Katherine Daugherty used her palm to smack a post on her gazebo, which cantilevers over a large goldfish pond in her backyard.
Her fish know that sound means food is coming. They swam near the surface while Daugherty pulled down a bag of pellets from a beam above her head. She reached in and grabbed handfuls of fish food to cast over the pond's surface.
It was a good day for Daugherty, whose body can't take heat. Most summer days she sequesters herself in the house by 10 a.m., but Tuesday was breezy and 75 degrees at noon.
Daugherty, the former director of pharmacy at Ohio County Hospital, sat in the gazebo with a ceiling fan providing extra comfort. She looked out over her backyard, which is her stress reliever, her haven.
A robin bathed on stones in the pond. Every inch of her yard is covered by a mix of brilliant hues -- daylilies, poppies and Queen Anne's Lace, to name a few. Her backyard once was featured in a gardening magazine, and it has been featured on the local pond tour.
"This was always my dream," she said of her blooming backyard. "It was my dream that I never thought I would see."
Her picture-perfect perch helps her cope with Behcet's syndrome, a rare disorder that causes blood vessel inflammation throughout the body. She only knows of five other people in Owensboro and the surrounding area who suffer from Behcet's.
She was diagnosed at age 46.
Looking back, she now recognizes its telltale signs.
At age 6, she remembers vascular headaches with high fevers and vomiting. By the age of 12, her arthritis kicked in.
Later in life, Daugherty suffered from premature ovarian failure, carpal tunnel syndrome and fibromyalgia. After a doctor prescribed an immunosuppressant medication, Behcet's set in.
Behcet's syndrome, which often starts between 30 to 40 years of age, is a multisystem inflammatory disorder. It has no cure. Instead, doctors treat its symptoms, which include severe mouth ulcers; genital lesions; posterior uveitis, or inflammation in the back of the eye; pus-filled growths on the skin; joint swelling and more.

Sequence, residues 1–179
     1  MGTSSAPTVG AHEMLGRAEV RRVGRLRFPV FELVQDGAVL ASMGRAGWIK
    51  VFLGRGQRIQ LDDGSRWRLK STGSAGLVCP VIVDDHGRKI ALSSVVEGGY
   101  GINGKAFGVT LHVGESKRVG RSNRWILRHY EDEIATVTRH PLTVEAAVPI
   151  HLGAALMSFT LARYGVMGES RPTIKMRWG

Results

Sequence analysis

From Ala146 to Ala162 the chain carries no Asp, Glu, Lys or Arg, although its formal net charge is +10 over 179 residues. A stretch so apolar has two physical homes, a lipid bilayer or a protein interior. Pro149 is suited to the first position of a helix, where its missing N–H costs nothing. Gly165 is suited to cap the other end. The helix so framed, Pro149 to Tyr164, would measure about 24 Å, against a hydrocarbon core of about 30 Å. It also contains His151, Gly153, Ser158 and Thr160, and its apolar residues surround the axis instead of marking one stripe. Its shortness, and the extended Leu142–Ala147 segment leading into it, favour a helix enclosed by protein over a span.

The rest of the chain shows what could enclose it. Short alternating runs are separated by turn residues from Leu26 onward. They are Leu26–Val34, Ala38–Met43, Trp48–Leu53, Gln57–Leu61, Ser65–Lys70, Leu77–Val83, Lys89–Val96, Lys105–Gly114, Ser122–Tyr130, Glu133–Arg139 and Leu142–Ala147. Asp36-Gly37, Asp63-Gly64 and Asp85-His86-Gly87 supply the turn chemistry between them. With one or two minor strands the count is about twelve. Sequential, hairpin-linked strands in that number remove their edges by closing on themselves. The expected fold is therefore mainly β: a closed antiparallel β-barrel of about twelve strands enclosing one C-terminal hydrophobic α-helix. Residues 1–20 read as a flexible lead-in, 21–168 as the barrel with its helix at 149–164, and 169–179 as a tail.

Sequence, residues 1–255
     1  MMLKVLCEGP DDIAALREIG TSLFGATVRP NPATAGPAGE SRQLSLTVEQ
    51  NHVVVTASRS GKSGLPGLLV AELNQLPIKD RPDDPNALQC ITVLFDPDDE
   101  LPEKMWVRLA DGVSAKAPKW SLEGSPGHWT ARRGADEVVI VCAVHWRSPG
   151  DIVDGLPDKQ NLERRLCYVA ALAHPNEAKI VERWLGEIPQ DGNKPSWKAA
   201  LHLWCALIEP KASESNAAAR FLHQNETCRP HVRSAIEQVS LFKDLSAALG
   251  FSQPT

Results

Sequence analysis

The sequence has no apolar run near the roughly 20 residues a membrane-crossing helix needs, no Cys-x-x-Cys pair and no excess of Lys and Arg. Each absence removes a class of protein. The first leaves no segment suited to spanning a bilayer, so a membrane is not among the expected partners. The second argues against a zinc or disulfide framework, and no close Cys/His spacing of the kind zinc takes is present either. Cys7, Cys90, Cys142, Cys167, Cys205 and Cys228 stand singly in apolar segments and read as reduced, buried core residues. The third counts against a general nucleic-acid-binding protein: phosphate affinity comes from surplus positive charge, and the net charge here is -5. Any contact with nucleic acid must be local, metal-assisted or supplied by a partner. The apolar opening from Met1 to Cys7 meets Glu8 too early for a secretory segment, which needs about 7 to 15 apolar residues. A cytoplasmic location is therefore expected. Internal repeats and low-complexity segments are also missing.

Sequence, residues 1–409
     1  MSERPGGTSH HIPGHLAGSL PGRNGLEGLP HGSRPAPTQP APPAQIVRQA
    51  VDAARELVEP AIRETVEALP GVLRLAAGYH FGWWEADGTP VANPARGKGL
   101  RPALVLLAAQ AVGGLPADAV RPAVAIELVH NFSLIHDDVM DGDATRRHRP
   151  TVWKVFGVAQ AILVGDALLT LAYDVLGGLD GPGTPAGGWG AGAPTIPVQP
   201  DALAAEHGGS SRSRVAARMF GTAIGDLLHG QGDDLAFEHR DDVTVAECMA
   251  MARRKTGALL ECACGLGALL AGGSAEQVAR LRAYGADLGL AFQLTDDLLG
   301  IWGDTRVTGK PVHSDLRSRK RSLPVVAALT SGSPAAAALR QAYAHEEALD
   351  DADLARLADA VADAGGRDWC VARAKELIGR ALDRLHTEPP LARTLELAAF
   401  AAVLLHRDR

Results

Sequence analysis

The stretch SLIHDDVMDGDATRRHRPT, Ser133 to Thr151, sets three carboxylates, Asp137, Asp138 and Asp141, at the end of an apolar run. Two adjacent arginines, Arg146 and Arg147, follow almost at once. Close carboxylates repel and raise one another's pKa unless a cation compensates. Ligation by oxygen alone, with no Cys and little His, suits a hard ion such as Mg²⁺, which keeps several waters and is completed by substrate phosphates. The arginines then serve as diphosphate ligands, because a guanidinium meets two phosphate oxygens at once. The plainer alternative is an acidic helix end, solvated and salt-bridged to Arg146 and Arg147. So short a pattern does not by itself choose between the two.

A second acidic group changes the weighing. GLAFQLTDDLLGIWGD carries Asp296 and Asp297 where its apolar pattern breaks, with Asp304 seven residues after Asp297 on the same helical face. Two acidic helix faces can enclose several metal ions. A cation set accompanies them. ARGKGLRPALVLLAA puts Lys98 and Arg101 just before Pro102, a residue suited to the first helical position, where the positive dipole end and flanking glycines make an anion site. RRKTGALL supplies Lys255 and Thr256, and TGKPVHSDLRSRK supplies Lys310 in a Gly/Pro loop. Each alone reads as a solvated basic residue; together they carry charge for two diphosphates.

The disorder is often referred to as the Silk Road syndrome because it is more common in the Middle East and Asia, along ancient trading routes known as the Silk Road. In fact, it is a leading cause of blindness in Japan.
Daugherty is one-quarter Lebanese. She wonders if that's where it came from.
For years, doctors called Behcet's "the nuisance disease," Daugherty said.
"'It's just mouth ulcers,' " she said, mimicking what doctors told her in the past. "No. It's the mouth-ulcers-till-you-can't-eat disease. I lived three months once on milkshakes."
Daugherty said she was diagnosed with ulcerative colitis, Crohn's disease and a number of other illnesses before a doctor finally discovered Behcet's.
"It's hard to get a definitive diagnosis because the symptoms are so intertwined with so many other diseases," she said. "This is a disease of exclusion. They rule everything else out. They don't have Behcet's on the radar."
Last week, she had an acute attack, which was brought on by an emotional trigger. Among her symptoms: At least 100 lesions covered her scalp.
"Data shows you don't have as many bad attacks as you age," Daugherty said.
Her husband, Andy Daugherty, was a pharmacist also. Their medical background has helped them educate themselves about Behcet's.
Eight years ago, she traveled to a world conference on Behcet's in Las Vegas, where she met 350 people who had been diagnosed with the disorder. And she's read several books on the disorder.
Daugherty fears other people have Behcet's, but doctors have diagnosed them incorrectly.
"Behcet's continues to be a mysterious disease because it doesn't follow a pattern," Daugherty said. "It doesn't always start with mouth ulcers. Everyone (with Behcet's) has a different story."
Renee Beasley Jones, 270-228-2835, firstname.lastname@example.org.